The authors are thankful to Prof. Dr. Yehia Gamal EL-Din Moharram, Prof. of Food Science and Technology, Faculty of Agric., El-Shatby, Alexandria University for his support and valuable advice during carrying out the work.
 WHO (World Health Organization) and UNICEF (United Nations Children’s Fund) (1998) Complementary Feeding of Young Children in Developing Countries: A Review of Current Scientific Knowledge. WHO/NUT/98.1, World Health Organization, Geneva.
 Cooke, L. and Fildes, A. (2011) The Impact of Flavour Exposure in Utero and during Mikl Feeding on Food Acceptance at Weaning and Beyond. Appetite, 57, 808-811.
 Alvarez, M.D. and Canet, W. (2013) Time-Independent and Time-Dependent Rheological Characterization of Vegetable-Based Infant Purees. Journal of Food Engineering, 114, 449-464.
 Sharma, M., Kristo, E., Corredig, M. and Duizer, L. (2017) Effect of Hydrocolloid Type on Texture of Pureed Carrots: Rheological and Sensory Measures. Food Hydrocolloids, 63, 478-487.
 Dolores, J., Marcelo, M., Adriana, G., Manuel, L. and Norma, S. (2020) Baby Purees Elaborated with Andean Crops. Influence of Germination and Oilsin Physico-Chemical and Sensory Characteristics. LWT-Food Science and Technology, 124, Article ID: 108901.
 Isabel, M., Marina S., Gaspar, R. and Marina, J.P. (1998) Content and in Vitro Availability of Fe, Zn, Mg, Ca and P in Homogenized Fish Based Weaning Foods after Bone Addition. Food Chemistry, 63, 299-305.
 Santipanichwing, R. and Suphantharika, M. (2007) Carotenoids as Colorants in Reduced-Fat Mayonnaise Containing Spent Brewer’s Yeast β-Glucan as a Fat Replacer. Food Hydrocolloids, 21, 565-574.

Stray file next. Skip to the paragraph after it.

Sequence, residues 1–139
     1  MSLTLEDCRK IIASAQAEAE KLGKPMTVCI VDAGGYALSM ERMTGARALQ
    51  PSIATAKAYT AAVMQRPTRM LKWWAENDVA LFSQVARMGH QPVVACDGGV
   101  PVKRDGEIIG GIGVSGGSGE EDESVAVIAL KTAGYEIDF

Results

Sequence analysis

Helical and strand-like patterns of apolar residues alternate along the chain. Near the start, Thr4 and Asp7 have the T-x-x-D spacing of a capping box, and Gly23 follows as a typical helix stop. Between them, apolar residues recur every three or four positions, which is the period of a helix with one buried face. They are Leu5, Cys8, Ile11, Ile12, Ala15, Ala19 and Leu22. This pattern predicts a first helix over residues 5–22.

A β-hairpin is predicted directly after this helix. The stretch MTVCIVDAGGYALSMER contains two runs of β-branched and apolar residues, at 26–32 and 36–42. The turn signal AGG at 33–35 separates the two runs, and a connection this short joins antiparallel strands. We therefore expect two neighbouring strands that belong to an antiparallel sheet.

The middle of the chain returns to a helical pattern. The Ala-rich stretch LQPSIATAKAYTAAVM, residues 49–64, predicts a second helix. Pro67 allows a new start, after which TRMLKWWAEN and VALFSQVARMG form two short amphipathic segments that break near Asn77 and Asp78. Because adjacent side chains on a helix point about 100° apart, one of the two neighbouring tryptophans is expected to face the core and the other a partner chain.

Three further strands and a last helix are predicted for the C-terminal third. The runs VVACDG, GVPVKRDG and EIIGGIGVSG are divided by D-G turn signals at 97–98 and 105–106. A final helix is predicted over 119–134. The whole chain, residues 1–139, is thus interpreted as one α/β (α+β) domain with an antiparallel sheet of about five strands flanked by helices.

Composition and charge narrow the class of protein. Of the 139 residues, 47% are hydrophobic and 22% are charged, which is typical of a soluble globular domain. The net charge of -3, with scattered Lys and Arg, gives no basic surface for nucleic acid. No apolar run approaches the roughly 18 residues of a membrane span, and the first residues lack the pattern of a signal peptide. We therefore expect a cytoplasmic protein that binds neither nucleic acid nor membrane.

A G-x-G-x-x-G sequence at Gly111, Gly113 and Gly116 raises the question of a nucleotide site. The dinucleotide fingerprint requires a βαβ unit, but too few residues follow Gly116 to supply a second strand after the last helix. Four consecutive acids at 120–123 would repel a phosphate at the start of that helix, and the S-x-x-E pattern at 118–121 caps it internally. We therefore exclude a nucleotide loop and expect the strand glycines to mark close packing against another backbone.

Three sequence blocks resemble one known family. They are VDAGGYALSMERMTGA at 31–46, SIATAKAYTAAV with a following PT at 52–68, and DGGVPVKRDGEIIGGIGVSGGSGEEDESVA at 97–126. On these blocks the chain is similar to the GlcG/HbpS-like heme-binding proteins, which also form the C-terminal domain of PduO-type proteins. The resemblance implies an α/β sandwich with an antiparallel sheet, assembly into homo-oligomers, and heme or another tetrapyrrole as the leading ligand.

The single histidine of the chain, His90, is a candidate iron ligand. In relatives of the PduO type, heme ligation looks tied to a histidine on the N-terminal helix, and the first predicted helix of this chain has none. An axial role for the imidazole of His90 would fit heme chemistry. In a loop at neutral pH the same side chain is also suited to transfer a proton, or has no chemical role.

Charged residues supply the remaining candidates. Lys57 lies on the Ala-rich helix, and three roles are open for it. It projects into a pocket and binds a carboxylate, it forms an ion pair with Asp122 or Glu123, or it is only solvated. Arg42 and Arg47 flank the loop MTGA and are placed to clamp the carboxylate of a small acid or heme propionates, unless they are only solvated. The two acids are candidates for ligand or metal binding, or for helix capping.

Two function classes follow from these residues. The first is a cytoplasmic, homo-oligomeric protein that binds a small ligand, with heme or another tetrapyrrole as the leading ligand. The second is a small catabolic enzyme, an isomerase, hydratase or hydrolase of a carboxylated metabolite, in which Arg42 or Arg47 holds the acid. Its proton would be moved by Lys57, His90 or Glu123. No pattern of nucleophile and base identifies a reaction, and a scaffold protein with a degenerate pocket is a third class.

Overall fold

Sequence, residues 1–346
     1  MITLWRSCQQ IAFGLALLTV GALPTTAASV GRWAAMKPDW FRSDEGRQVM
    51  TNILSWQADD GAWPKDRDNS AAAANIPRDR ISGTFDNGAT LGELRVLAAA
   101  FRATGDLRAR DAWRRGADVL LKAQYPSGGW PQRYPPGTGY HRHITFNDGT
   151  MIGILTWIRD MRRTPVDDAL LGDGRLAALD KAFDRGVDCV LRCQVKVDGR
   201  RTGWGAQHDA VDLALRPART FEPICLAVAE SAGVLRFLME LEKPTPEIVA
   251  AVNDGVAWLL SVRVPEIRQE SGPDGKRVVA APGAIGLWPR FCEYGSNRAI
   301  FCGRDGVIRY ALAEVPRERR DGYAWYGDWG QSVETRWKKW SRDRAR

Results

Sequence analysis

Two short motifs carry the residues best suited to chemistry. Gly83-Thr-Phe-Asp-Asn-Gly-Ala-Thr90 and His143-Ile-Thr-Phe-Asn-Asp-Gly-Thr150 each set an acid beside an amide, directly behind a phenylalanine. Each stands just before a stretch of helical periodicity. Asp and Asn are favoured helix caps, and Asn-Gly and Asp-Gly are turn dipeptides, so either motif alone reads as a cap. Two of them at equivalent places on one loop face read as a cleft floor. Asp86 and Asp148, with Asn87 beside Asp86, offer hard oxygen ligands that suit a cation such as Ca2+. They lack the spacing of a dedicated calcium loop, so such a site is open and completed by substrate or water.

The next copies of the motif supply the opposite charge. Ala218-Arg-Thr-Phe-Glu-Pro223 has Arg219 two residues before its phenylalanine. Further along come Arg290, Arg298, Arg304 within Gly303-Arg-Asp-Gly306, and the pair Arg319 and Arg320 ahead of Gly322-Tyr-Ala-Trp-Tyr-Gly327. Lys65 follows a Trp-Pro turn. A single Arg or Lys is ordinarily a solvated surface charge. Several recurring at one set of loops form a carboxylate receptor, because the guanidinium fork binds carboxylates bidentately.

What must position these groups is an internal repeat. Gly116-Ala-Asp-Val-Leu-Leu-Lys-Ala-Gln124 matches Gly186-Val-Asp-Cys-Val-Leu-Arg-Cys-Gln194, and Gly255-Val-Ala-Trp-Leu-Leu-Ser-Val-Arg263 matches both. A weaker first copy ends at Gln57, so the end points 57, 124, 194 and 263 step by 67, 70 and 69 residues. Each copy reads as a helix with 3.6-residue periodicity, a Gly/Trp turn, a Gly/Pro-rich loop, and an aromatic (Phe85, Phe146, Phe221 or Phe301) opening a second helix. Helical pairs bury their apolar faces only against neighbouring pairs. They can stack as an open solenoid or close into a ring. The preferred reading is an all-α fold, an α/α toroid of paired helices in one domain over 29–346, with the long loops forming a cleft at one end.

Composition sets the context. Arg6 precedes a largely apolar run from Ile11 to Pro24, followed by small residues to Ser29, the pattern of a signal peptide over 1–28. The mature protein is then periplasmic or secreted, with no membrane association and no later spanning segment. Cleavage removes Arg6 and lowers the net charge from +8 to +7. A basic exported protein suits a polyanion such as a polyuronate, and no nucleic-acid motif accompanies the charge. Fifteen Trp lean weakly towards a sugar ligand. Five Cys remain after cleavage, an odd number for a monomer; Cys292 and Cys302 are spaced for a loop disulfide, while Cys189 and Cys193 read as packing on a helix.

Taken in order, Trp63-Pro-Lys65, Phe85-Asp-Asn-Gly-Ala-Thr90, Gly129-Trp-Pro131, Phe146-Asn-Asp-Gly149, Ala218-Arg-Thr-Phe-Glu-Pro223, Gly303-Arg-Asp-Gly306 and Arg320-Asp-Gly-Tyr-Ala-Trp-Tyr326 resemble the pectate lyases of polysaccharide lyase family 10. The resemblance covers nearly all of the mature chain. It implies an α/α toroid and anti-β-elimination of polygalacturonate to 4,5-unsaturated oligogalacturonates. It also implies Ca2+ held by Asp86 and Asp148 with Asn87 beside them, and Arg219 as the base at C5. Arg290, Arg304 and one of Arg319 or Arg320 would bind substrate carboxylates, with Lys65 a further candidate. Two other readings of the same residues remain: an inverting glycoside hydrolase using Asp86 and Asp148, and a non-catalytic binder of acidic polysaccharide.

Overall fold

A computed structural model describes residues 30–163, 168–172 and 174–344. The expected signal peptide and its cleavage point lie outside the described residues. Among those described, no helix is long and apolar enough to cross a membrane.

Yuan, S. and Chang, S.K.C. (2007) Texture Profile of Tofu as Affected by Instron Parameters, Sample Preparation and Correlation of Instron Hardness and Springiness with Sensory Scores. Journal of Food Science, 72, S136-S145.
 Khattab, R.Y.I. (2004) Chemical and Technological Studies on Flaxseed to Improve Its Sensorial and Nutritional Properties in Food. PHD Thesis, Faculty of Agriculture. Alexandria University, Alexandria.
 Martína, M., Gómez, S. Arboleyab., M., Gueimonde, C. and González, S. (2019) Nutritional Composition of Processed Baby Foods Targeted at Infants from 0-12 Months. Journal of Food Composition and Analysis, 79, 55-62.
 Garcia, A.L., McLean, K. and Wright, C.M. (2016) Types of Fruits and Vegetables Used in Commercial Baby Foods and Their Contribution to Sugar Content. Maternal & Child Nutrition, 12, 838-847.
 FAO (Food and Agriculture Organization of the United Nations)/OMS (Organisation mondiale de la santé) (2006) Programme mixte FAO/OMS sur les normes alimentaires. Rapport des vingt-septième sessions du comité du codex sur la nutrition et les aliments diététiques ou de régime. ALINOM 06/29/26, 105 p., Food and Agriculture Organization of the United Nations, Rome; World Health Organization, Geneva.
 Nkeudem, G.A., Sumbele, I., Anchang-Kimbi, J.N., Samuel, M. and Kaptso, K.G. (2018) Nutritional Evaluation of Commonly Used Local Weaning Food Processed and Sold in the Mount Cameroon Region. International Journal of Food Science and Nutrition Engineering, 8, 131-141.
 Diallo, M., Cissé, M., Dessor, F., Soulimani, R., Sock, O. and Desobry, S. (2013) Formulation of Infant Food Based on Local Cereals: Stability and Effects on Cognitive Development. Journal of Nutrition & Food Sciences, 3, Article No. 211.
 Gan, J., Bornhorst, G.M., Henrick, B.M. and German, J.B. (2018) Protein Digestion of Baby Foods: Study Approaches and Implications for Infant Health. Molecular Nutrition & Food Research, 62, Article No. 1700231.